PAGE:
On Sunday evening at Tribeca, “Bullets” had what festival organizers described as its first public screening outside a Chinese-speaking region, after this winter becoming the biggest Chinese-made box-office hit in the history of the country. Theories abound as to the reason for that success; one explanation has it that Chinese filmgoers returned to theaters again and again to parse the movie’s political meaning, the way teenagers around the world went back again and again to parse the expressions on Leonardo DiCaprio’s face in “Titanic.”

Audiences in this country were more divided on “Bullets.” At least a few people on Sunday were spotted walking out of the theater, but several of those who stayed welcomed the director to the stage with a standing ovation. Judging by the questioners, many of the most enthused were native Mandarin speakers.

While the article notes that a theatrical run of the film “could be in the offing,” one American buyer added that the film’s complex narratives, and the historical and political understanding required to make sense of its multi-layered storyline, could make “Let The Bullets Fly” a challenge for a broad audience.


Beijing Turns Attention To Euro Co-production

Attendees at the discussion

Attendees at the discussion

Film Business Asia looks at Beijing’s recent push to increase cooperation between the Chinese and European film industries. As Zhang Xun, president of the China Film Co-Production Corporation, said at a meeting this weekend, of the 340 official co-productions made by Chinese companies since 2000, only 29 have been made with Europe. Additionally, Film Bureau chief Tong Gang said, closer cooperation with European producers could help provide technical and cultural benefits to Chinese teams, as well as expanding the market potential for cooperatively produced films. From Film Business Asia:

Dennis Wang, co-chief of Huayi Brothers, chronicled the recent history of co-productions by Chinese firms. He said an early phase was based on financial necessity, when Chinese companies struggled to raise appropriate budgets from within the country. This phase was at its height when Hollywood studios, notably Columbia and Disney, and when Hong Kong companies were major partners. Now, with ballooning box office receipts in China, “money is the least important factor,” he said. “Instead we are seeking marketing partners.”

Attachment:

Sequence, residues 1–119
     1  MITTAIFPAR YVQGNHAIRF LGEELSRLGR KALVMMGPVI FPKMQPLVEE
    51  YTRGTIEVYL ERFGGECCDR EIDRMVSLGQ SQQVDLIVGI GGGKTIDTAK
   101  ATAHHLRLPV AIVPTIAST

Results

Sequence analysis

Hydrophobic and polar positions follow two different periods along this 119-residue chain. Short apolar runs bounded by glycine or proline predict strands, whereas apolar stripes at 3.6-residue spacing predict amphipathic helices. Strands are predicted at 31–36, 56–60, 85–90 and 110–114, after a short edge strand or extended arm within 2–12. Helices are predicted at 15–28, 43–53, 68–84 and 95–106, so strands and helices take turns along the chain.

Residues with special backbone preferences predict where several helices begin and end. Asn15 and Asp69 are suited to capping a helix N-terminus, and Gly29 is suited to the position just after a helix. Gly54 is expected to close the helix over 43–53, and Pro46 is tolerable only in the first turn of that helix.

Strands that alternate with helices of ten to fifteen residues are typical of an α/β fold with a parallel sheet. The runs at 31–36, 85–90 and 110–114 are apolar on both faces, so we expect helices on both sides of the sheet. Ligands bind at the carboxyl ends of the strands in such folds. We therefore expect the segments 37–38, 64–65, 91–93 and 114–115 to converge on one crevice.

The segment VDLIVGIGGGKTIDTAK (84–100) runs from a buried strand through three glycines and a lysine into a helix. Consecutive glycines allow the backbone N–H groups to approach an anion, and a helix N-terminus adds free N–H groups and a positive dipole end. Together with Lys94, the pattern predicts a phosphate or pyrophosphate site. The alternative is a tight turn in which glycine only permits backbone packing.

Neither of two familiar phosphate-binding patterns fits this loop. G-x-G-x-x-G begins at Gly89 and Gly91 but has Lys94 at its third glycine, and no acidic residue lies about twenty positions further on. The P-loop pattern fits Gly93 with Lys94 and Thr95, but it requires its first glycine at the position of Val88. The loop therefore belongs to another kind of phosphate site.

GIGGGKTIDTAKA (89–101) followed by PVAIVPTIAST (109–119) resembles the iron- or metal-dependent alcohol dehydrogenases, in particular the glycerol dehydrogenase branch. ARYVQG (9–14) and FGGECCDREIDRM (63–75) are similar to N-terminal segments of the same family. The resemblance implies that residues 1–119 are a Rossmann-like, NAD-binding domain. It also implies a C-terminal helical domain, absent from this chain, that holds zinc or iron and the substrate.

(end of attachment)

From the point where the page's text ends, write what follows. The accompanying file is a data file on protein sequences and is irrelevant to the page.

Huayi has not made a European co-production to date, though Wang said he was open to the idea as it might help ease the shortage of actors and directors in China. “Movies and TV series are getting postponed in China because actors schedules are already too full. Globalisation of production could be a solution.”

Yu Dong, head of rival private-sector conglomerate Bona Group, was similarly forward looking. He forecast that the Chinese theatrical market could triple in size to RMB30 billion in the next 5-8 years and that “we will need experienced directors and producers.” “We will have to co-produce some English-language films,” he said.

Despite the enthusiasm displayed by attendees at the discussion, it will remain to be seen whether Sino-European co-productions really become common in coming years. The most likely outcome will be more Sino-French productions, as China and France signed an official treaty outlining this type of cooperation last year. Speaking about the potential for these types of film projects, French director Jean-Jacques Annaud mentioned that he is currently preparing to spend a year in China shooting Wolf Totem, beginning in 2012.

“If it becomes [an official] co-production,” Annaud said, “that would really be a first.”